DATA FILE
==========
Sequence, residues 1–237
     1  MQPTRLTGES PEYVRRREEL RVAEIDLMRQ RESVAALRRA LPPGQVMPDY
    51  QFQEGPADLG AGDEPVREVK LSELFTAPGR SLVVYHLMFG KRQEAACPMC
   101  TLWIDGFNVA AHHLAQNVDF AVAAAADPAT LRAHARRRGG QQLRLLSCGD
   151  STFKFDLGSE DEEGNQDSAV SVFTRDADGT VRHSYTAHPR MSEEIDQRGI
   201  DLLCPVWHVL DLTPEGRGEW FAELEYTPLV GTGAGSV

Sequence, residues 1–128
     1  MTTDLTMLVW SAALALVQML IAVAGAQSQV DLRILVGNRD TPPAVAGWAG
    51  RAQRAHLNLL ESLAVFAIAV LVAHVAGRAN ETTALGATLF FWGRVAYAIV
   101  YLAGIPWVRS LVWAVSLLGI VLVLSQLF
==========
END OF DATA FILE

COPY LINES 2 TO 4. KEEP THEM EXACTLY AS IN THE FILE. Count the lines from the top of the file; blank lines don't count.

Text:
     1  MQPTRLTGES PEYVRRREEL RVAEIDLMRQ RESVAALRRA LPPGQVMPDY
    51  QFQEGPADLG AGDEPVREVK LSELFTAPGR SLVVYHLMFG KRQEAACPMC
   101  TLWIDGFNVA AHHLAQNVDF AVAAAADPAT LRAHARRRGG QQLRLLSCGD